By Guest Contributor Erlijn Sie

Author of Reimagining Financial Inclusion, Erlijn Sie, explains why financial inclusion is like long-distance, group travel.

Remember? We were on a journey. Yes, together. In this part of the trip we’ll focus on the togetherness. Financial Inclusion is like a group travel. Why? Because it is not a single subject, it’s multifaceted. Most of the time, the excluded low-income families we aim to include are not just financially excluded… they are also lacking clean water, electricity, a toilet and they need to walk an hour to the nearest health facility.


Most of the game changers that manage to include people like Malika, as depicted, do this with a holistic approach. They do not offer one financial service. They offer an integrated service, speaking to her needs. A great example would be Healthy Entrepreneurs, offering a business-in-a-bag solution, to enterprising community health workers in rural parts of Africa, with a pre-finance facility. This business-in-a-bag is a sort of pharmacy-in-a-box, selling over-the-counter medicine and offering several health screenings, and guided health questionnaires, and health educational movies. Solar Sister does something similar, but yet different, a business-in-a-bag for enterprising women, selling solar solutions to families based in remote villages. As you can see, both approaches come with income generation, savings (reduced costs of living) for the villagers and access to finance to start such a business. But even more importantly, they bring medicines and health screening and health education, or solar energy. And they bring these resources to the ones that need them the most. Suddenly the enterprising community health workers, or the Solar Sisters, become role models and agents of change in their own communities. The key here is that these game changers do not offer a financial product or service, they solve an issue.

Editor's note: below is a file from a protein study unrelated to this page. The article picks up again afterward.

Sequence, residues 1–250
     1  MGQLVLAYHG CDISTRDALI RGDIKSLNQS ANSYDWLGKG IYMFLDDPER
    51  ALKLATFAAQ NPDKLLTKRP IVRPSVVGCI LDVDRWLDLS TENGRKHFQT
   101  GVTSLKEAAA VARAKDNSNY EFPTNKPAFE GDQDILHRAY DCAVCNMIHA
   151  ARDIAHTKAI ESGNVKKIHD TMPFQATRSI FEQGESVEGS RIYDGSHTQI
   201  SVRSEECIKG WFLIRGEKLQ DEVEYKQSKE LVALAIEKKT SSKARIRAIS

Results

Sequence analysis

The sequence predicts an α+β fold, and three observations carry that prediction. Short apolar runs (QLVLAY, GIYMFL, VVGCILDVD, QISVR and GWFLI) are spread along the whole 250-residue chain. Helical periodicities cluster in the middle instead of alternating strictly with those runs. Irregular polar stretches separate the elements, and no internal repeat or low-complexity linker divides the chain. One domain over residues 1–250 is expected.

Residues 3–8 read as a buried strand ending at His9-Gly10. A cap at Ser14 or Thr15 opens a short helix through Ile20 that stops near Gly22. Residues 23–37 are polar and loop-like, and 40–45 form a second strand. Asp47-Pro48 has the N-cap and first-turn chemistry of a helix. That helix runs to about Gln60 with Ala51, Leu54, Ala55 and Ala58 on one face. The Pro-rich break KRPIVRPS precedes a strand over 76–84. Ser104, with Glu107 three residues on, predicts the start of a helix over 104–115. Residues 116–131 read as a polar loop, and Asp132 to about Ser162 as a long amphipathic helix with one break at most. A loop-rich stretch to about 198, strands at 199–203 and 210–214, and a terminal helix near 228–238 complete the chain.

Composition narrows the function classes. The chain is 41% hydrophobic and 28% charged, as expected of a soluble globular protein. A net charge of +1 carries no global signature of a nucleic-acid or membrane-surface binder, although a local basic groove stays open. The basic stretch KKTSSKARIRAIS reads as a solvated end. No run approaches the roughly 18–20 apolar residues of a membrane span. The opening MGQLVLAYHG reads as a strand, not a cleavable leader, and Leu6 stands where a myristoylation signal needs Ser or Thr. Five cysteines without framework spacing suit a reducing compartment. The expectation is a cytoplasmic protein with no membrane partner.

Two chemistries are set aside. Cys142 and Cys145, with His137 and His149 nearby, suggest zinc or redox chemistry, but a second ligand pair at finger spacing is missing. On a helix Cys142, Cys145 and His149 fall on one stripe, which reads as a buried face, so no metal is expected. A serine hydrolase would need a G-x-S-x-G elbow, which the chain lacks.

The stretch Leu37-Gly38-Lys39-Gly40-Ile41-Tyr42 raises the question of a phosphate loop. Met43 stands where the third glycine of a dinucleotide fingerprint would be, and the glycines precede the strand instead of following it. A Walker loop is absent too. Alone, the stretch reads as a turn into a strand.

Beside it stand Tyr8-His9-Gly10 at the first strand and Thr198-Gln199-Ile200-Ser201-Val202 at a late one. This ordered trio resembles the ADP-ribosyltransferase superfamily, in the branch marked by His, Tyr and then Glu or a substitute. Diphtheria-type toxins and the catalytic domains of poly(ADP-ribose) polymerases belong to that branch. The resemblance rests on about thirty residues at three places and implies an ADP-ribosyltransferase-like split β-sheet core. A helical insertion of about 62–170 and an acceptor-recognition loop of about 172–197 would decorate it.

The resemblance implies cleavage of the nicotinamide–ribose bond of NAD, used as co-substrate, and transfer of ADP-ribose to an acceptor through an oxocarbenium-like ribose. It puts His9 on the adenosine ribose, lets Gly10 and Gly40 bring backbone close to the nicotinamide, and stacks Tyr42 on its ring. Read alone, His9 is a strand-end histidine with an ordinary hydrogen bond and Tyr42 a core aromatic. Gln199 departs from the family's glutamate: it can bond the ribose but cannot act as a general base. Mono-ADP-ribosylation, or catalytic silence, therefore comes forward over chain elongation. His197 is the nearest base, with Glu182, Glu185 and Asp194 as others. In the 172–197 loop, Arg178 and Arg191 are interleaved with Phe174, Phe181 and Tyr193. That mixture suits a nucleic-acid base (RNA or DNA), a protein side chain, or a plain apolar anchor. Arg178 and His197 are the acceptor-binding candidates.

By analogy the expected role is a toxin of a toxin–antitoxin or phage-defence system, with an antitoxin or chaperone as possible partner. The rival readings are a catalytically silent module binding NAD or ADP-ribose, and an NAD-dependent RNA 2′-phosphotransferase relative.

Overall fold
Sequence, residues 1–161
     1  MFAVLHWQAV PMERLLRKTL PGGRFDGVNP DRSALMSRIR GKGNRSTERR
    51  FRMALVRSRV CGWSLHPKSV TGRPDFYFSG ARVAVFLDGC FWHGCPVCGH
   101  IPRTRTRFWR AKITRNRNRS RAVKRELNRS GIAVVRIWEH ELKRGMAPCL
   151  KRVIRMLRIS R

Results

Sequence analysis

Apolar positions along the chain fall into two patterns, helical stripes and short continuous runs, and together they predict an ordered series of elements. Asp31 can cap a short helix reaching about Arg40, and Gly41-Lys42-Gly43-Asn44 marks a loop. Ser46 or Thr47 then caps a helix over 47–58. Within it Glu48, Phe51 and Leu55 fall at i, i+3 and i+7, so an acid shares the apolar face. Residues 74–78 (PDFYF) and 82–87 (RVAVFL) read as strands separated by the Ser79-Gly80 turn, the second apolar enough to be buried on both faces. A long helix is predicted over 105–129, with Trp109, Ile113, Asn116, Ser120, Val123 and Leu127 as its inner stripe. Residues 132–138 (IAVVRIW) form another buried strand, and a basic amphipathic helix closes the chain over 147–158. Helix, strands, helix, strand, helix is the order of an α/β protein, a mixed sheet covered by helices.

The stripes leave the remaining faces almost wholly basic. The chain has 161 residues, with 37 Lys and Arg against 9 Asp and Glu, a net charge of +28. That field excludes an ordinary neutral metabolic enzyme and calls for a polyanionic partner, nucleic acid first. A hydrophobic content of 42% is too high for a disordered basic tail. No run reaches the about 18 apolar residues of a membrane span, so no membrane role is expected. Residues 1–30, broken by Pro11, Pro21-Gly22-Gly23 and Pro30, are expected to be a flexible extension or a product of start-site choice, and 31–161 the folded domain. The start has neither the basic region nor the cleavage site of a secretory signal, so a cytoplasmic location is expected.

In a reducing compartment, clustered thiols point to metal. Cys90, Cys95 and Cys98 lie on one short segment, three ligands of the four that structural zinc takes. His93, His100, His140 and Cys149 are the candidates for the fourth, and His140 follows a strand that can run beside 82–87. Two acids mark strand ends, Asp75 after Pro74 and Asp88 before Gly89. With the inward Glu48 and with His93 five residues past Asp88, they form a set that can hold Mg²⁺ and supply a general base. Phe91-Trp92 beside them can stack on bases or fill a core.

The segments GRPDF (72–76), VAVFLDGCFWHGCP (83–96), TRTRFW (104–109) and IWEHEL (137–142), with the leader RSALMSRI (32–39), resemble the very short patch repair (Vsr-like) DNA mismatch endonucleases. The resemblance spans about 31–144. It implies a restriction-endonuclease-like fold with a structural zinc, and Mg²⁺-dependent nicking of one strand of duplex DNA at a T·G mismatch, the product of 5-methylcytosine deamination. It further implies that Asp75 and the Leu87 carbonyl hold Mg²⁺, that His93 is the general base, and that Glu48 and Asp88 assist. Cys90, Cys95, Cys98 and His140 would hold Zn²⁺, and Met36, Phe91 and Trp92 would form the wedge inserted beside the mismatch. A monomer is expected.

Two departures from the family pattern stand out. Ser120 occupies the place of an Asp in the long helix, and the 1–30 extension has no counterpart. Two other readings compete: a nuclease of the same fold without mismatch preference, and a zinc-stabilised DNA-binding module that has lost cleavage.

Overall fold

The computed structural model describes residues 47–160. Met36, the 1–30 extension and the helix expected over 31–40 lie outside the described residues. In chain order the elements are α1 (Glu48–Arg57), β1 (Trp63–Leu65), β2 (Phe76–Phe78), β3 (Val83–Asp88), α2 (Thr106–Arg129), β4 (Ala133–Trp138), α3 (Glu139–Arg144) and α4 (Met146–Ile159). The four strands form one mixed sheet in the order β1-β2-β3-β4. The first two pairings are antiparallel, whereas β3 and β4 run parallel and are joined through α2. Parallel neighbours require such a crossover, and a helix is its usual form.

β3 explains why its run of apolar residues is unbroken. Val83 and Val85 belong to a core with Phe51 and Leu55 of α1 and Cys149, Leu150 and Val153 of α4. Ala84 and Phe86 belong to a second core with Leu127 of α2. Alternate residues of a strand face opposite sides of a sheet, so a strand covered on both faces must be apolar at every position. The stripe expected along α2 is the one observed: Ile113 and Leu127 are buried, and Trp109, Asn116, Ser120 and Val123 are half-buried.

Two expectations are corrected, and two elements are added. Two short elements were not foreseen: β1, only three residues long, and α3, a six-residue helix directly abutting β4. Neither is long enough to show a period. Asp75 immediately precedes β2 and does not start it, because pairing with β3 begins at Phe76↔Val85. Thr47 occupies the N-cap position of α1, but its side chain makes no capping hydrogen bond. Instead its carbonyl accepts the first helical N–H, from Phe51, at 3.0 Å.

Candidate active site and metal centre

And they do not do this alone. Healthy Entrepreneurs collaborates with Philips and Boehringer Ingelheim for expertise on health tech, diseases and treatment. With the World Health Organization for health education. With impact investors and donors to blend financial resources, to cover the pre-financing facility, for the development of tele-health services. It’s this integrated approach to solving that issue, building the partnerships to solve each aspect of that issue together, that makes them game changers. These game changers, they drive the bus, but in the tour bus there are companies, foundations, international bodies, impact investors, medical experts, medicine and healthy food producers, and even a health insurance provider might join in the future … the point is: it’s a group trip, and it’s a long journey.